July 11, 2011
We're often asked what it takes to be a Master Farmer. Our answer is always the same. It takes commitment to what you're doing, efficiency in production, commitment to family, and a display of leadership in your community and or state ag service organizations.
One guest lamented after this year's program that some of the operations didn't have much crop acreage. That's true- neither Loran Wilson nor Jim Day raise more than a few hundred acres of crops. But they're probably two of the stronger, more organized cattle producers in the state of Indiana. The variety in this unique class simply underscored how different Master Farmers can be and still have excellent programs.
Thousands of acres of crops don't make a master farmer. You can farm thousands of acres and barely keep your head above water if you're sloppy of hired labor that doesn't take good care of equipment. Or you can farm thousands of acres and do an excellent job, like one of this year's awardees, Bill Schroeder, Freelandville. He and his sons Brian and Kent farm more than 3,000 acres of crops.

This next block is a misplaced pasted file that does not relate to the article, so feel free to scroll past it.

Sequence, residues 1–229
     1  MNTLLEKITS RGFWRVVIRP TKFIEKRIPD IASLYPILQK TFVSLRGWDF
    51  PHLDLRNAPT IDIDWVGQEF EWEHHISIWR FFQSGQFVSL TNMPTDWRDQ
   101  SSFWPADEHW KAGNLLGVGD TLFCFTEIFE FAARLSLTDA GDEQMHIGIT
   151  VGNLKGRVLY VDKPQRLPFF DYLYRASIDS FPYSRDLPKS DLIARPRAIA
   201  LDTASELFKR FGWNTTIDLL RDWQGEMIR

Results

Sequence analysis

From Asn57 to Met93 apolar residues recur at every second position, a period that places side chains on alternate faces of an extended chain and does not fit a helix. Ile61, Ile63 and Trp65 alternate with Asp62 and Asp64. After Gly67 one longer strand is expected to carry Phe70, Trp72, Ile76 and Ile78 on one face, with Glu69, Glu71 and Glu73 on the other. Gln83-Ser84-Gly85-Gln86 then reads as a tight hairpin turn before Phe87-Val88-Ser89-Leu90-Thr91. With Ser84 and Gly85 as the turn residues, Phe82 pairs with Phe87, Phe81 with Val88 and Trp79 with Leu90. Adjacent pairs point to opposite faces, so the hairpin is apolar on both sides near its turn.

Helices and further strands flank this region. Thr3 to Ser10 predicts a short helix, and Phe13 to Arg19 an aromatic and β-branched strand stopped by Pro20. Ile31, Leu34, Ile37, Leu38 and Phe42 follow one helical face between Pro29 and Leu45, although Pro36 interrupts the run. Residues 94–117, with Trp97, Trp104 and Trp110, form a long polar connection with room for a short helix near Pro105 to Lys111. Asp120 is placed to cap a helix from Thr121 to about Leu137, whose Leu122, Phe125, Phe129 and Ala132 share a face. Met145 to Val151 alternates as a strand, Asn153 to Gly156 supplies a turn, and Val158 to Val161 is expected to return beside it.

What the Master Farmer awards judging committee looks for are efficient operators that are good in their field, with a flair for community leadership and a love of their family. They also need to be good stewards of their soils and natural resources.
There is no set scorecard that the judges use. One judge is Jay Akridge, Purdue University College of Agriculture's dean. Another is Carl Eiche, who has worked with the program in on capacity ever since it was restarted in 1968. The third is Bill Pickart, a landowner, former farmer with hogs, and who is now employed by Select Seed at Camden. After you've judged forms for decades or more, you have a feel for what you're looking for- someone who balances farming with family and community service, Pickart says.
Your next opportunity to nominate a Master Farmer will be next winter. Applications are due Feb. 15, 2012. We can supply you with the form. Indiana Prairie Farmer or Farm Progress staff can't nominate a person. That's why it's important to pick out someone who feel is observing, ask for letters of support from other people who respect
About the Author(s)
You May Also Like
Current Conditions for
Enter a zip code to see the weather conditions for a different location.
Soybean processor brings economic power to North DakotaDec 05, 2023
Western govs: Don’t change grazing policiesDec 03, 2023
What can be learned from 2023’s weather?Dec 05, 2023
USDA exports – Unknown buys soybeans, December 7, 2023Jan 19, 2023
Conab cuts fuel soybean, corn gainsJan 19, 2023
Oklahoma City perspectiveDec 06, 2023
‘Losing one farmer to suicide is one too many’Dec 03, 2023